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Review of Battue

Designer: Jim Long
Publisher: Red Juggernaut, Inc.
Players: 2-4
Time: 45-60 minutes
Price: $59.95




I'm pretty easy to manipulate. Ask my friends, ask my wife, ask J.M.
"Hey, Joe. We got a new one in. Want to try it out and review it?"
It doesn't take much. Seeing a new game sets my old ticker a'thumpin' the way pretty cheerleader did back when I was in high school, but without the lustfull undertones. Now happily married, my wife does pretty much the same thing that J.M. did. If she wants something done around the house that's sure to be a major project involving time, dirt and tools, I get bribed. "Get this done and you can go get that game you've been whining about for the last two weeks." Th e number of things on her 'honey'do' list is long, but so is my game wishlist. Yeah, I'm a sucker...

So I depart Compleat with a large heavy box and a sense of anticipation and excitement unfelt since the day I decided to propose, but without the sweaty palms. I was lucky not to get a speeding ticket on the way home, and it only took a few minutes to clear off a table and dig in.

IN THE BOX:
    1 large game board
    52 city tiles
    60 warrior figures
    40 flag figures
    60 loot cards
    20 event cards
    2 dice
    1 rulebook

Here's where I gush over the components. Okay, the board is fairly basic, but rather large. It's laid out in grid fashion, and along the edges are the walls, towers and gates of the city of Tarsos. It folds well and is sturdy, so with care it should stand up to hundreds of plays. The city tiles are also printed on thick cardstock and have a nice glossy finish. The artwork is very well-done and attractive. Even people just watching the game will 'oooh' and 'ahhh' over them.


The figures are molded in soft plastic (probably to prevent breakage), and done in fou r rather drab colors. Even the red and yellow pieces; which I usually expect to be bright and almost an eyesore, are muted. This sort of fits with the game's theme of desert raiders, so I like it. The green is reminiscent of the pea soup Linda Blair projectile-vomited onto Max von Sydow in The Exorcist. Naturally, I always play with black. The horsemen stand up well, but the flags do have a tendency to fall over at the slightest bump of the table, a strong exhale, laughter, et cetera.

At first glance it doesn't really seem like there's all that much in there. Less, 'bang for the buck' as boardgame enthusiasts say. However, seeing the board set up and the game underway will quickly change anyone's mind. This is a well-made product, and I doubt anyone could regret shelling out sixty hard earned dollars for a copy. Especially after they've played a time or two.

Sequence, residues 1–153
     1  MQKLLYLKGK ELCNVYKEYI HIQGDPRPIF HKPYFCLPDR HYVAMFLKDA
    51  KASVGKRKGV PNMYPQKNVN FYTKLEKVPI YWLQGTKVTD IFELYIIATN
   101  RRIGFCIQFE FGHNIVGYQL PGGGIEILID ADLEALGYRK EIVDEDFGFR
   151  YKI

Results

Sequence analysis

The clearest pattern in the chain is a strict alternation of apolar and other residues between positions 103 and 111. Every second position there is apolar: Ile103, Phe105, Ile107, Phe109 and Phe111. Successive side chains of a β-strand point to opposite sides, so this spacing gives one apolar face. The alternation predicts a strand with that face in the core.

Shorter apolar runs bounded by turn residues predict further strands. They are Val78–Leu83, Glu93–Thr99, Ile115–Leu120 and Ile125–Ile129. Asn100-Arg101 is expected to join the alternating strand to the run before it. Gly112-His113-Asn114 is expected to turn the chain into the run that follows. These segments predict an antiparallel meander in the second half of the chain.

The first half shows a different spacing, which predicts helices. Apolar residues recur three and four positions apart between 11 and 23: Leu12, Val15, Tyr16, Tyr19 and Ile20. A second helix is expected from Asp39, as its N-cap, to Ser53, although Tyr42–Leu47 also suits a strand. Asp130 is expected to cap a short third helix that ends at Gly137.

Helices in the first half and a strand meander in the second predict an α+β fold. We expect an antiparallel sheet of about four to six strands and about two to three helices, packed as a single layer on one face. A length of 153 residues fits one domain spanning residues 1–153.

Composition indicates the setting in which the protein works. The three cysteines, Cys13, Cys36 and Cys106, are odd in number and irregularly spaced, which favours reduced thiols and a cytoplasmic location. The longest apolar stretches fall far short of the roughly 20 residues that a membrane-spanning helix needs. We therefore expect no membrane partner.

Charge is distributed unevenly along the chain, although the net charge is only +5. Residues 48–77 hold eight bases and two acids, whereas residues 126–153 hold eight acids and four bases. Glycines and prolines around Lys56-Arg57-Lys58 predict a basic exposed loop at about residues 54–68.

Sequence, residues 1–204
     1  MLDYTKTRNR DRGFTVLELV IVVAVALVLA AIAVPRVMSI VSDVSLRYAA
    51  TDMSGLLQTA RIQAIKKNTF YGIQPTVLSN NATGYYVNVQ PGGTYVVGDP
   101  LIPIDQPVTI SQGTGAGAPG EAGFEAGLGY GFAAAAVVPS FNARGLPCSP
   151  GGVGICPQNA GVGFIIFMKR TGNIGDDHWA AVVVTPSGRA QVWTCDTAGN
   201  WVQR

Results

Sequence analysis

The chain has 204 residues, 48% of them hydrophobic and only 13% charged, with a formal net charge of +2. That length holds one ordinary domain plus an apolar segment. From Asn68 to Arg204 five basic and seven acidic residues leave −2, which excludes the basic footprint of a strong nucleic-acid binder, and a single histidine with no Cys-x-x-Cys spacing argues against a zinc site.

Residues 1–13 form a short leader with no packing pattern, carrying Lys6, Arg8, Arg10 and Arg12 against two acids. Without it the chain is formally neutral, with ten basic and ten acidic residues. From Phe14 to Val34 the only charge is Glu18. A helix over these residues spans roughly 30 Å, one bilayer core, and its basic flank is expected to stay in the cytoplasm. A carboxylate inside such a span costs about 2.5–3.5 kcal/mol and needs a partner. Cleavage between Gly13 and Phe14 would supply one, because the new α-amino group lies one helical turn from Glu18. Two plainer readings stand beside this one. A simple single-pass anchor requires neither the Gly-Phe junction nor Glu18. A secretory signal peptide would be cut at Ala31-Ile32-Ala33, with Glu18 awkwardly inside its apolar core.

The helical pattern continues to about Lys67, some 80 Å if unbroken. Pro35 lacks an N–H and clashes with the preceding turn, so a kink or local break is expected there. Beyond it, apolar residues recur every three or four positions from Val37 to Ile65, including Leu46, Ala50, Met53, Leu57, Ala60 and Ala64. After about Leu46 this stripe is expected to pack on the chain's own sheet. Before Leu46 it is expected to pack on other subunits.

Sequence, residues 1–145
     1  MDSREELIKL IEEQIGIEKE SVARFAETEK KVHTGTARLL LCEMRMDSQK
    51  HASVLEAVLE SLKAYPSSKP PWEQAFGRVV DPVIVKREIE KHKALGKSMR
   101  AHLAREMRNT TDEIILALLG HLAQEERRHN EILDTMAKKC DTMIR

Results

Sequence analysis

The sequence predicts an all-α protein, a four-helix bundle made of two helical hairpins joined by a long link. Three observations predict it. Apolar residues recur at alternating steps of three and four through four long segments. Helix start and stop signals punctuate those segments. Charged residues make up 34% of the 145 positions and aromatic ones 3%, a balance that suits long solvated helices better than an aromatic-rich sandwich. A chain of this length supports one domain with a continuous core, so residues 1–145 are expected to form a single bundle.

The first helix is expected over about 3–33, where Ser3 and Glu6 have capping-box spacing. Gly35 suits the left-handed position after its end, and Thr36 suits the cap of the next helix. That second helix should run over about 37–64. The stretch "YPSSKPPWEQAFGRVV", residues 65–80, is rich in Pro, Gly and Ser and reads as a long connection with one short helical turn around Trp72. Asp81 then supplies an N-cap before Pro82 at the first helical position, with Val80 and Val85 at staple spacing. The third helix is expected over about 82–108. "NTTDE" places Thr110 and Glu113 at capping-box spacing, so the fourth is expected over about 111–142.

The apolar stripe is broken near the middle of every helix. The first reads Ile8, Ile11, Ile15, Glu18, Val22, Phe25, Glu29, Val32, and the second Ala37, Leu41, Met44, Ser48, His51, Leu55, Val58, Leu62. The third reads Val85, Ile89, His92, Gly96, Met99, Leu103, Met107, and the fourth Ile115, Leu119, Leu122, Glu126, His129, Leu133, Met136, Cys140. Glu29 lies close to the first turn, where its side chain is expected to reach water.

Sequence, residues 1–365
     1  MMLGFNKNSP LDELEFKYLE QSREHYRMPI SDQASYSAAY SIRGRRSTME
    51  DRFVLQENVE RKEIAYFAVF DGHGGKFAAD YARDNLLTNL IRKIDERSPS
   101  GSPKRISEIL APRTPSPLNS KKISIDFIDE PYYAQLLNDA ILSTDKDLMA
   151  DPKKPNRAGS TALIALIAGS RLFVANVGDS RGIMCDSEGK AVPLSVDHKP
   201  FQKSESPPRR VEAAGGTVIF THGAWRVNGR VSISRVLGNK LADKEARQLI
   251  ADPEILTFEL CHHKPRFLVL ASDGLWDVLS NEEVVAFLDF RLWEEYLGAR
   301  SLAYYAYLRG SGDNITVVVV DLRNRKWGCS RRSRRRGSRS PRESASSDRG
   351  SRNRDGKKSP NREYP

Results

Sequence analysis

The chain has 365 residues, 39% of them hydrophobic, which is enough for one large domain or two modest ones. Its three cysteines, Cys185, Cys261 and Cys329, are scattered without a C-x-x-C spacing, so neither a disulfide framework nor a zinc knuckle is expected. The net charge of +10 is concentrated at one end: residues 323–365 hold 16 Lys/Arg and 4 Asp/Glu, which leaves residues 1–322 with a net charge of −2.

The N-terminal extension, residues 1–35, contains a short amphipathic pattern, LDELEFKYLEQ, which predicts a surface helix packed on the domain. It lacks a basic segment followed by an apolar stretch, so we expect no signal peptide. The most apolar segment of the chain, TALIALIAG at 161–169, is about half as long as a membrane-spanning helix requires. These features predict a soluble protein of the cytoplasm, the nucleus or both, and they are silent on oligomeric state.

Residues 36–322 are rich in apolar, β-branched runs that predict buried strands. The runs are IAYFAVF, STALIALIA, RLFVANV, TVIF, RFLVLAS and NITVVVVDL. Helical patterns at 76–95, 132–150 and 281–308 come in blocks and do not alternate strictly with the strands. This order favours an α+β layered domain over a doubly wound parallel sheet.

Kids, the bang is there.


SETTING UP:
There are games that take a long time to set up, and then there's Battue. Not much to it really.
Place the board on the table (duh!), then place the palace in the center of the board on its marked space. Everyone grabs the color they want to play with, forms a horde of six horsemen and places them near the board.
The players each take one of the four primary buildings and place them face-down on the board anywhere they want, so long as they don't touch each other or the palace. The primary buildings are shaped like a cross and (what we call), an F-117 (see second example above, that's a primary). There are two of each shape. Once those are on the board, you fill the remaining spaces w ith anything that will fit, until all spaces are filled. As there are more building tiles than spaces, you'll always have some left over, and we've never not been able to fill the board completely. When finished you'll have two-layered board. The tiles can and will shift during the course of play, but that's a minor quibble at best.
The Event and Loot decks are placed near the board, and you're ready to go.
The only way that setting up could be time consuming is if you take turns playing pieces onto the board. We just announce, "Setup!" and go for it. Everyone pitches in, and it has never taken more than a few minutes to complete.

GAME PLAY:
On the world of Terris, prophets of the Horse Lords foretell the coming of a leader who will unite the hordes into one great, unconquerable nation! They say when one o f their khans sacks the City of Brass Pillars and sits on the Golden Throne, then all of the Horse Lords will band together to unleash a human storm! As the Golden Horde they will triumph over their enemies and rule Terris!
As a writer and a prolific reader, that kind of setting really gets me going. I was already hooked before the first game.
Some wits have compared the game to Risk with nuances of Monopoly thrown in. I don't agree. Yes, there are dice used in the game, but only to resolve conflict.
On a turn, players do the following three things -
Start of Turn
    Play cards
    Call reinforcements
Main Turn
    Move Hordes
    Resolve Battles

End of Turn
    Play Cards


Start of Turn - Play Loot cards that are marked to be played at this time. These cards can either give you extra strength during attacks, reduce a target's defense, or allow for more actions or drawing extra cards if successful.
You may then decide whether or not to call for reinforcements to your horde. If you do so, a die is rolled. 1-2 = 1, 3-4 = 2, 5-6 = 3. These go directly to your horde, but no horde may hold more than 8 horsemen at any time. If you do reinforce, that horde may take no further action other than defending until your next turn. No matter what, you may never have more than 15 horsemen on the board at any time.

Main Turn - Move your hordes. At the start of the game you only have one, and it must first attack a section of the wall (wall, tower or gate), and win before moving into the city itself. After that, yo u can split it up and create smaller hordes that move independently of each other, looting and pillaging as you go.